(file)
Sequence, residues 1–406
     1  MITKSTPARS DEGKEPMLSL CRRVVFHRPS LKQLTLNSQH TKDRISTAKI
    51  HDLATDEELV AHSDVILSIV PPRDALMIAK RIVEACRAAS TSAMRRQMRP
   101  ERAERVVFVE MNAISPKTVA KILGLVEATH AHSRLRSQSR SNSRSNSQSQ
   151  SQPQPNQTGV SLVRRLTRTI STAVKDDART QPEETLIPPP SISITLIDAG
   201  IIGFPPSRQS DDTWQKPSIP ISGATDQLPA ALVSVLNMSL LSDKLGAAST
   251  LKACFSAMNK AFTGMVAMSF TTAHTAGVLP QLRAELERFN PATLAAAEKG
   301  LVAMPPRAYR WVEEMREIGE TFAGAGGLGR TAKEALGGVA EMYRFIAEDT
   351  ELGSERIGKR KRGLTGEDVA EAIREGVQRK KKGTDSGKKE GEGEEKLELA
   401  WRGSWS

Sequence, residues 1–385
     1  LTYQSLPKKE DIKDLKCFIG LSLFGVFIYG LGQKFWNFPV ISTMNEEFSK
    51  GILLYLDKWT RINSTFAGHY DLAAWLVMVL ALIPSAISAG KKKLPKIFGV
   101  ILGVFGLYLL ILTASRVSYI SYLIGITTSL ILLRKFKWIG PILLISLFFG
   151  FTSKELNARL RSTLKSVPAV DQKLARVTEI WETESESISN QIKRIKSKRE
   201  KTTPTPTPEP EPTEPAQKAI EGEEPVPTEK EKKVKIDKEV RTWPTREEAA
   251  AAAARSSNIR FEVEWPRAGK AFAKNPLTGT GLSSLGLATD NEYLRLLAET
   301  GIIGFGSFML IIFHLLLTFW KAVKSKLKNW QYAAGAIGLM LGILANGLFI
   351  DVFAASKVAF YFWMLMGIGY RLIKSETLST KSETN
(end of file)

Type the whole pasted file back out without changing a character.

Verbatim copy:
Sequence, residues 1–406
     1  MITKSTPARS DEGKEPMLSL CRRVVFHRPS LKQLTLNSQH TKDRISTAKI
    51  HDLATDEELV AHSDVILSIV PPRDALMIAK RIVEACRAAS TSAMRRQMRP
   101  ERAERVVFVE MNAISPKTVA KILGLVEATH AHSRLRSQSR SNSRSNSQSQ
   151  SQPQPNQTGV SLVRRLTRTI STAVKDDART QPEETLIPPP SISITLIDAG
   201  IIGFPPSRQS DDTWQKPSIP ISGATDQLPA ALVSVLNMSL LSDKLGAAST
   251  LKACFSAMNK AFTGMVAMSF TTAHTAGVLP QLRAELERFN PATLAAAEKG
   301  LVAMPPRAYR WVEEMREIGE TFAGAGGLGR TAKEALGGVA EMYRFIAEDT
   351  ELGSERIGKR KRGLTGEDVA EAIREGVQRK KKGTDSGKKE GEGEEKLELA
   401  WRGSWS

Sequence, residues 1–385
     1  LTYQSLPKKE DIKDLKCFIG LSLFGVFIYG LGQKFWNFPV ISTMNEEFSK
    51  GILLYLDKWT RINSTFAGHY DLAAWLVMVL ALIPSAISAG KKKLPKIFGV
   101  ILGVFGLYLL ILTASRVSYI SYLIGITTSL ILLRKFKWIG PILLISLFFG
   151  FTSKELNARL RSTLKSVPAV DQKLARVTEI WETESESISN QIKRIKSKRE
   201  KTTPTPTPEP EPTEPAQKAI EGEEPVPTEK EKKVKIDKEV RTWPTREEAA
   251  AAAARSSNIR FEVEWPRAGK AFAKNPLTGT GLSSLGLATD NEYLRLLAET
   301  GIIGFGSFML IIFHLLLTFW KAVKSKLKNW QYAAGAIGLM LGILANGLFI
   351  DVFAASKVAF YFWMLMGIGY RLIKSETLST KSETN